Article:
SL4 has come under quite a bit of ridicule in the past and I'm sure you're tired of defending your art.
C'mon Dave, you're really overthinking this.Grafting has always been an entertaining mental exercise in position recognition for me, but in terms of "where do I put my training time with only a few hours a week to play?", I'd rather work my basics for targeting and power, derived from directional harmony and body mechanics.
In other words, I have 2 hours on the mat tonight. I COULD spend them looking at ways of grafting the beginning 5 Swords onto the ending of Gathering Clouds, having found myself there by an intentional manipulation of the attacker, or by an unintentional stumble by them in response to my initial counter.
I can spend those same two hours working the inward block hammering action on heavy bag, makiwara, and partner drills; followed by throwing a couple hundred handswords at BOB, a heavy bag, moving focus mitt, and in drills with a partner, aiming to accomplish an inward block that breaks his arm, and an outward handsword that knocks him the heck out.
This "basics" option is my training preference, based on my experience in fighting as a bouncer. It occurred to me (while getting punched from 3 different directions one night as I had a guy in a chokehold waiting for him to fade to black) that the faster I end the issue -- with as much finality and authority as I can muster -- the better. In the time it takes to be monkeying around with adapting a technique string to a change in position, their friends can do something..I can miss...slip on a spilled drink or banana peel from the mayhem...all sorts of things can go wrong: And the longer I take to put him down, the more room there is for chaos to interject a variable I haven't controlled for.
In a perfect world, I would have ample time to do both. But it's not a perfect world; I have to choose. So...which would you prefer to work on, and why?
Don't get me wrong, I believe in basics and a strong foundation........but if you don't build upon that foundation, then you have to define what it's purpose truly is or it's potential gets lost over time.I keep going back to reciting my ABC's, because I'm so far from as good as my private hall-of-famers, and I wannabe. I want to be able to punch someone in the head as hard as Mas Oyama, or chop them under the ear with as much speed, power, and authority on an obscure plane angle as Mr. P., or make a train go "bonngggg....bonnngggg...bonngggg" by punching and kicking the iron hitch on the backside of it, or... you get it. And the only way I know of that these guys got to that place is by repetition. It's that old saying, "The skills of the warrior are forged in the fires of repetition".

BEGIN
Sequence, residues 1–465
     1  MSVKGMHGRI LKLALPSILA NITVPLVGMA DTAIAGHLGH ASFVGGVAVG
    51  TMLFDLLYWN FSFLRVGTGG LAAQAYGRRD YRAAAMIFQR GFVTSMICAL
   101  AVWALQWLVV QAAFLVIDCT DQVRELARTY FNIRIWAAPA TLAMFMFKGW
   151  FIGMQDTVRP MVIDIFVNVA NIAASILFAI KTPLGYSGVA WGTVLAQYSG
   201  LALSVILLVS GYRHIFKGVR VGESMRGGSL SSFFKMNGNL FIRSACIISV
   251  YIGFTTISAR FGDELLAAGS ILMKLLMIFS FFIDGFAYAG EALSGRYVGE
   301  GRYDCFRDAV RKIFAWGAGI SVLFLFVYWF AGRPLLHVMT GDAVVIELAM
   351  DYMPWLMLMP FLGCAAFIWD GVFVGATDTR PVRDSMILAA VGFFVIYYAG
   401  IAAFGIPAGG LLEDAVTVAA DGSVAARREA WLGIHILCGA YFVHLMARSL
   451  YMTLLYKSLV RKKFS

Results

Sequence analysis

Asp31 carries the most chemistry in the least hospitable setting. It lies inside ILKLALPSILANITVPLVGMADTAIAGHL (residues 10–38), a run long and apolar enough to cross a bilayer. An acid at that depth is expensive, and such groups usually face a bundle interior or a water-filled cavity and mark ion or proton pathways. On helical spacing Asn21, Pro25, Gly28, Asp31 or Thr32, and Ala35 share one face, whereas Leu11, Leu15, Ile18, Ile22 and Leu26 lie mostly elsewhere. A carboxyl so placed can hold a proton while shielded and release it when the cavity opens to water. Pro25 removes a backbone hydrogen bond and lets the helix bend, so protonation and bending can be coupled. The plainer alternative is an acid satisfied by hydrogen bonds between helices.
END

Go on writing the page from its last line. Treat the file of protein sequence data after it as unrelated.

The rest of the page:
How-evah!!! (said in my best Senator K.K. Kaumanua/Kent Bowman voice)... I also think part of the brilliance of the kenpo system is in the ability to sophisticate basics, compacting and collapsing more information (read "hits") into smaller spaces and increments of time. Revisitation of the ABC's won't help with that so much. I'm interested in what you consider to be advanced applications of the basics.
All seem to enjoy putting down others and many have been in the barrel at times...Cliff, are you going to go to the seminar Dr. Dave is putting on, that would be a good one to go to, lots or your peers will be there. Of course I doubt, LT will go.Just seeing if we were on the same page. The net is not the best place to communicate clearly so sometimes intent can be lost in the text. (Like your first post).
Keep posting your videos. Very cool.
Heck...I'm trying to get a line-up goin!I've been thinking about going and I think I can work it out to do so. It looks like an awesome event. Of course, you'll have to pull me away from the wineries....